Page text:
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The Dutch government paid my way to the Casual Connect Europe event in Amsterdam. Our coverage remains objective.
The United States gave gamers Call of Duty. Japan gave us Mario. Finland gave us Angry Birds. What will the Dutch game developers give us?
Following in the footsteps of other countries, the economic developers want to embrace game developers to get a real gaming economy going in the Netherlands. So far, the country has produced Spil Games, a maker of games for girls, and Vlambeer, the creator of the indie game hit Ridiculous Fishing. But the country wants to play a greater role in the game industry, which can jump-start startups, jobs, and a modern technological economy. It raises the question: What are the seeds for growing games?
The Dutch Prime Minister, Mark Rutte, threw his support behind GameOn, a €10 million game investment fund with the support of the Dutch Ministry of Economic Affairs. Reinout te Brake, a serial entrepreneur and the founder of iQU, a game marketing company, wants the fund to find promising entrepreneurs and push them toward commercial success in games. His job is to discover and support the next Supercell, the Finnish startup that created the monster hit Clash of Clans.
Three top investment pros open up about what it takes to get your video game funded.
At the recent Casual Connect Europe event in Amsterdam, I caught up with te Brake; Bertholt Leeftink, the director general related to innovation for the Dutch Ministry of Economic Affairs; and Jan Dexel, the senior policy advisor at the Dutch Ministry of Economic Affairs. Here’s an edited transcript of our interview.
GamesBeat: What are the beginnings of what got you interested in games?
Bertholt Leeftink: We see a lot of opportunities in the Netherlands with respect to the IT industry in general and the gaming industry more specifically. What we see is a huge potential, if you look at the benefits and the business environment in the Netherlands. We have a lot of creative people. We have a lot of places with a very open society, like Amsterdam, Rotterdam, Utrecht. These are good places to be for young entrepreneurs. But what we also see is that we don’t have a big gaming industry yet.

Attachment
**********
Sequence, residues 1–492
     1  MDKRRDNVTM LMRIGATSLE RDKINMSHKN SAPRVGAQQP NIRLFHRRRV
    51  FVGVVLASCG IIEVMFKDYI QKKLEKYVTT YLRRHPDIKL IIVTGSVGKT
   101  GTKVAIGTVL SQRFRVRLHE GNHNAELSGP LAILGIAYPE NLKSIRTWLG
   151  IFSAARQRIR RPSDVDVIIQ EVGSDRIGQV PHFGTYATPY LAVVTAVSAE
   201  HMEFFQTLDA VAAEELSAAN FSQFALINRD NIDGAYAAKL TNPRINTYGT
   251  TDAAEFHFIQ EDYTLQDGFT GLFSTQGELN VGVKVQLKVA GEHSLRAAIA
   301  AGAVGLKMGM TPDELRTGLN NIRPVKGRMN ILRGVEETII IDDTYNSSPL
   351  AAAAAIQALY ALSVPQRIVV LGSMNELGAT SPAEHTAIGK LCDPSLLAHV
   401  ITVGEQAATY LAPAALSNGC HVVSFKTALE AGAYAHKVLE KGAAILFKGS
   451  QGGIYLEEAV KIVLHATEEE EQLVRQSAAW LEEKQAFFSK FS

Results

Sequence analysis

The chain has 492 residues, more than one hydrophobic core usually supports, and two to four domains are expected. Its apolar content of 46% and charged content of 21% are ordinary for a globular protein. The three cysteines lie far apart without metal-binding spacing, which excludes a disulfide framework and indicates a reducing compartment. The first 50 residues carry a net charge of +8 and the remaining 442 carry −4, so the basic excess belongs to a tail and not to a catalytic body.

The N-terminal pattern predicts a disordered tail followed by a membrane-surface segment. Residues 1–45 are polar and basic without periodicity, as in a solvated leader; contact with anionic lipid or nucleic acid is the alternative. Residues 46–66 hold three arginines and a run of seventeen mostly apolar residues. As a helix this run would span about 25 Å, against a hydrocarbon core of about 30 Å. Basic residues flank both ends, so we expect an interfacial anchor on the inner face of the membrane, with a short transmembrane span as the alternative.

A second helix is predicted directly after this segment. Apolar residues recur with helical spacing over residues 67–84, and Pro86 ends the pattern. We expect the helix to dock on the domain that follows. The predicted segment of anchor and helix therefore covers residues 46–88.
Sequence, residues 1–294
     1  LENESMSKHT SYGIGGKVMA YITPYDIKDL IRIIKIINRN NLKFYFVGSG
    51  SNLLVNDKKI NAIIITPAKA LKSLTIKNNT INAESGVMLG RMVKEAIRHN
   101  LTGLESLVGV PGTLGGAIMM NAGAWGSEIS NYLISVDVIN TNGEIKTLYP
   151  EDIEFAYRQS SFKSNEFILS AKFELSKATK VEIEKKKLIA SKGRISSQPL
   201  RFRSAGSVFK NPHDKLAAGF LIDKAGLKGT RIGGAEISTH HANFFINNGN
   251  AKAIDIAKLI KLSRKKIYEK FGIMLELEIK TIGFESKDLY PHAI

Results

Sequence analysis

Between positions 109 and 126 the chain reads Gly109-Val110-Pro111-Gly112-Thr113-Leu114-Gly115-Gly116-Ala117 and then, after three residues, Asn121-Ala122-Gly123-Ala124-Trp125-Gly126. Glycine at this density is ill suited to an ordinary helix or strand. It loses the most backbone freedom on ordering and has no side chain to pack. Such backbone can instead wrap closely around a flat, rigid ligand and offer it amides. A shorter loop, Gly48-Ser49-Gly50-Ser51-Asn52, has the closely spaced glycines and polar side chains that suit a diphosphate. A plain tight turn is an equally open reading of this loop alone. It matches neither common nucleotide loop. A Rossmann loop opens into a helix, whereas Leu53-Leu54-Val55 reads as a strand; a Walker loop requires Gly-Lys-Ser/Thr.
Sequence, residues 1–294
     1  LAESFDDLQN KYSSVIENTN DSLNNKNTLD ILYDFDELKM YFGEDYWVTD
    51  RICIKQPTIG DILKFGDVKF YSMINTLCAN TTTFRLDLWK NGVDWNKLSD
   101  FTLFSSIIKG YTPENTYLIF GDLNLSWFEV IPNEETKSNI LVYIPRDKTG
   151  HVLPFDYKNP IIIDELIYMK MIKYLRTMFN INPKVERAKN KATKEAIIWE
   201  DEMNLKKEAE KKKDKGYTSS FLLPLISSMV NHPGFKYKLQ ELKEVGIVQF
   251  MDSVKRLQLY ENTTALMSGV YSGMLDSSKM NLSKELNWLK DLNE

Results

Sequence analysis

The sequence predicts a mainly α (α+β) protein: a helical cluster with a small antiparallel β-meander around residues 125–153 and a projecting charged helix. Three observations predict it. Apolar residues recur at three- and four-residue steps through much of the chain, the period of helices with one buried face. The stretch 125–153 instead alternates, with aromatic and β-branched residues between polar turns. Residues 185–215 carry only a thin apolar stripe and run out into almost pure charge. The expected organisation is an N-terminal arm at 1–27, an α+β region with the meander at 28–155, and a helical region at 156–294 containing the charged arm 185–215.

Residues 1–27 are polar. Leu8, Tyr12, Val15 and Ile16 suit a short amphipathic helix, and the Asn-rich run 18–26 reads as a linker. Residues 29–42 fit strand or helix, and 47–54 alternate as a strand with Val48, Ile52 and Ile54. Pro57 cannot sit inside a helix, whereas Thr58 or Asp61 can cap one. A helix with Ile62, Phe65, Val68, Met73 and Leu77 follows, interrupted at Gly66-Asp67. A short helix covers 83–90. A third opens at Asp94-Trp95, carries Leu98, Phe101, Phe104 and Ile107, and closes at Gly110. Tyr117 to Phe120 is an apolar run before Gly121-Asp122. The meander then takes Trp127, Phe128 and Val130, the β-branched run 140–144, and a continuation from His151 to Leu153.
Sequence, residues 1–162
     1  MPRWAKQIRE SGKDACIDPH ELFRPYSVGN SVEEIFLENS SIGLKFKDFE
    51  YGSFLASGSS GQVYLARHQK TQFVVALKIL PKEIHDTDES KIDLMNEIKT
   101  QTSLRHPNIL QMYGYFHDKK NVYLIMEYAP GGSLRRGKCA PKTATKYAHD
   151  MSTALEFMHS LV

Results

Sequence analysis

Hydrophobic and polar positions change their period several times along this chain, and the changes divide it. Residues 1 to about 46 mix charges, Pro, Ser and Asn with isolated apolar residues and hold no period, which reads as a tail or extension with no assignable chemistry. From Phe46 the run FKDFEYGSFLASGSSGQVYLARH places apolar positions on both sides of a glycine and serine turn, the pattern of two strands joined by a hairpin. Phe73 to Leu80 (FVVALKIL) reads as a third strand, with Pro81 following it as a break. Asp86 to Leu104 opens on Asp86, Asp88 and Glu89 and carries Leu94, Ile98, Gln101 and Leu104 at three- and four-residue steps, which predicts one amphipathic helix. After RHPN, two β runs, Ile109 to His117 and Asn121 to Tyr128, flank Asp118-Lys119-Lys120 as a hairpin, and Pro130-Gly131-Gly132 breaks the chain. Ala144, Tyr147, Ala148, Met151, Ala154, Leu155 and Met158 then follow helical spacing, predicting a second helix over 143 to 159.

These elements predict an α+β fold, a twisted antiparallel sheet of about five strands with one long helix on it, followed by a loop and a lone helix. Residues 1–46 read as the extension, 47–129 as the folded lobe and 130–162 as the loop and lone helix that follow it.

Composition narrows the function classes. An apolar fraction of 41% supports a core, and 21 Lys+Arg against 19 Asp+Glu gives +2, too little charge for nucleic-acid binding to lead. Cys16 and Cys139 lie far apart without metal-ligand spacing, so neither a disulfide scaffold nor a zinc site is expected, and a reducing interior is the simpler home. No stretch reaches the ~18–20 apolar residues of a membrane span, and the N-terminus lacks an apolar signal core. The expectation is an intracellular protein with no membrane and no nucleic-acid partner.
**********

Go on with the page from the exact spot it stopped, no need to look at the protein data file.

We’re looking, with various stakeholders in the industry and some of these important departments, to see what exactly is missing in our business environment and how we can work together with entrepreneurs, business, and government and cooperate to attract foreign investors, foreign entrepreneurs, to use the opportunities we have here in the Netherlands. We think that the Netherlands and Holland is really a very attractive place for this industry. Both the applied gaming industry, which is relatively large in the Netherlands, and the entertainment gaming industry.
Jan Dexel: We see a good combination of serious gaming, which we have in the Netherlands, and a developing market for entertainment gaming. We also have specific policies on certain sectors, like creative industries – priorities, we call those — which is one of the main areas where we have a competitive advantage compared to others. Dutch design is well-known around the world, and that has a lot to do with gaming. Design is a crucial part of gaming.
GamesBeat: What have you studied from other places about how you can kickstart a game industry?
Leeftink: What we do is not study that ourselves, but use our network and our partners to inform us about how they look at the Netherlands – what kind of opportunities they see and what kind of things are lacking in the Netherlands – and then come up with concrete proposals and ideas about how to fix that.